Art of Rally Is a Beautiful Racing Game Made by a Car Enthusiast


And speaking of being in the wrong gear, this game isn’t the easiest to master. Scrolling through the cars in free roam mode, you’ll come to realize that the cars you start out with aren’t the best to drive, and certainly aren’t the fastest. A trip through some slaloms will reveal that the Porsche 911—renamed for legal purposes, as are all of the other cars—is clearly inferior to any four-wheel-drive rally monster Lancia has to offer. It will also become clear that, well, rallying in this game isn’t supposed to be easy.

It’s especially hard when you don’t have a controller, which I personally did not. I decided to purchase one for the sake of my own sanity, and it was definitely worth it. This game demands minor adjustments and tuning the car to your liking, so don’t think you can depend on the on-off nature of a keyboard to get it right. I tried it, and it makes the game about 100 percent worse.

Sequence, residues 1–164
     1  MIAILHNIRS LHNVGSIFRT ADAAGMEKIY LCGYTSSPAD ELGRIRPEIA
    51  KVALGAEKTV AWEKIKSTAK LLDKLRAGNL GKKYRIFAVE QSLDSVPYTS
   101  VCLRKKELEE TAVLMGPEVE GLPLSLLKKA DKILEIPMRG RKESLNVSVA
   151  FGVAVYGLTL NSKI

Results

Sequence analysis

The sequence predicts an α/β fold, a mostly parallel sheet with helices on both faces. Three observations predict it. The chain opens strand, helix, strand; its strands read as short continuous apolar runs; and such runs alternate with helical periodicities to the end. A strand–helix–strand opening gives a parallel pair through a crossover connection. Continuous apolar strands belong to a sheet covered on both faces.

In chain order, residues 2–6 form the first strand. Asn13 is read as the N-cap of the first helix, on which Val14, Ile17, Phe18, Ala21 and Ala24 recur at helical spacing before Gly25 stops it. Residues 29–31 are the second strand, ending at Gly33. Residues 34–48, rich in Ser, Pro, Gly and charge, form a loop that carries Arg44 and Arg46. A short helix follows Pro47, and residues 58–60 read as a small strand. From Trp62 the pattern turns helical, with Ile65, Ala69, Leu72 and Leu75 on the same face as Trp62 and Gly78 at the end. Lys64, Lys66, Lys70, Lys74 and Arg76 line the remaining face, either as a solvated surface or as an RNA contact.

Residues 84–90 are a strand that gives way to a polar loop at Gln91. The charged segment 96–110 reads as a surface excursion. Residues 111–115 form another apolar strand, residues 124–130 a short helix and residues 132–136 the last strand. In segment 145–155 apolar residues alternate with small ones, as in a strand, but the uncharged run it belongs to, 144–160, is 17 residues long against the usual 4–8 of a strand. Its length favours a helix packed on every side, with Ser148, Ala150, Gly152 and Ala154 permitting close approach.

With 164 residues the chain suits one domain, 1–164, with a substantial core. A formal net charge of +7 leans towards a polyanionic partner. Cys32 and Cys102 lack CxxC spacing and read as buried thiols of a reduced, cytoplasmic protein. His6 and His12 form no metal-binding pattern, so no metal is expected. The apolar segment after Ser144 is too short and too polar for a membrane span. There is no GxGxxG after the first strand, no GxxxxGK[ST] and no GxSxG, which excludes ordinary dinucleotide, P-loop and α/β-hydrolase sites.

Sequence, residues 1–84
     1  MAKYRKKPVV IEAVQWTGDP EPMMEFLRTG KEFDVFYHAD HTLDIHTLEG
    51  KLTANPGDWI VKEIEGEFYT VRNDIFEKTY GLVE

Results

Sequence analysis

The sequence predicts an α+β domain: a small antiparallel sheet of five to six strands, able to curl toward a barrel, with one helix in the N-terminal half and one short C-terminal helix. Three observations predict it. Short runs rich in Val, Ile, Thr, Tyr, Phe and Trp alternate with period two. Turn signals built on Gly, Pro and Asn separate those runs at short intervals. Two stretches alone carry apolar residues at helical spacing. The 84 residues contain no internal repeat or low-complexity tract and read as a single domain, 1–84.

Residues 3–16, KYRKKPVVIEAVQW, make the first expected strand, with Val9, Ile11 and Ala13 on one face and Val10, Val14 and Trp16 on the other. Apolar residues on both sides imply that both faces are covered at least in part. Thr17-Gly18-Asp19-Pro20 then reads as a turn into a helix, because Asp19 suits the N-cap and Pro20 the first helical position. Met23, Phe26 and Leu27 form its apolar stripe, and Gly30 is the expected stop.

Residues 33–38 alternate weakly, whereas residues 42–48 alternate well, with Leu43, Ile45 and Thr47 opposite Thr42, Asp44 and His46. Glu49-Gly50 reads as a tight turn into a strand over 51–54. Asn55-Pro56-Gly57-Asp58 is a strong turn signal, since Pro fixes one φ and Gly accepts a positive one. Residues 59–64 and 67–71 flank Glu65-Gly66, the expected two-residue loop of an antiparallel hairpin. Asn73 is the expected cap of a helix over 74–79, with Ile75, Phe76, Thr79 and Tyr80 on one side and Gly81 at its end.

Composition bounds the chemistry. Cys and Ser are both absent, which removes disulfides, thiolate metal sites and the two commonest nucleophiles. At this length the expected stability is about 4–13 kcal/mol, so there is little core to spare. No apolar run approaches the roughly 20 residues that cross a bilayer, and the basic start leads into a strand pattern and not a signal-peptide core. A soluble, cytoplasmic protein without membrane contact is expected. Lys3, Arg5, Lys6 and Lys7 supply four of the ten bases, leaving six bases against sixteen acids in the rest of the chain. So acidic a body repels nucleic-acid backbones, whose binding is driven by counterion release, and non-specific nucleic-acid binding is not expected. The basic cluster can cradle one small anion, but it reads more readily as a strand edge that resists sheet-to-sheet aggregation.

But it’s the small details, in combination with the game’s pleasant aesthetics, that really complete the picture for me. Crowds of giddy rectangular spectators line the tracks, some dipping onto the course itself, just like in those infamous Group B rally videos. Yes, they do get out of the way, but it’s also possible to hit them. I have likely killed hundreds of these spectators, although they are a resilient bunch and tend to just slide back into the crowd after being struck. 

Other interesting details include the map’s scenery, which distracted me just enough to crash several times. There’s helicopters, castles, people camping, you get the sense that much of the scenery would be a little world you want to explore. Other nice details include the diverse flora and fauna, which never end up blocking your view of the car due to a clever little window that forms as soon as your vision is obstructed.

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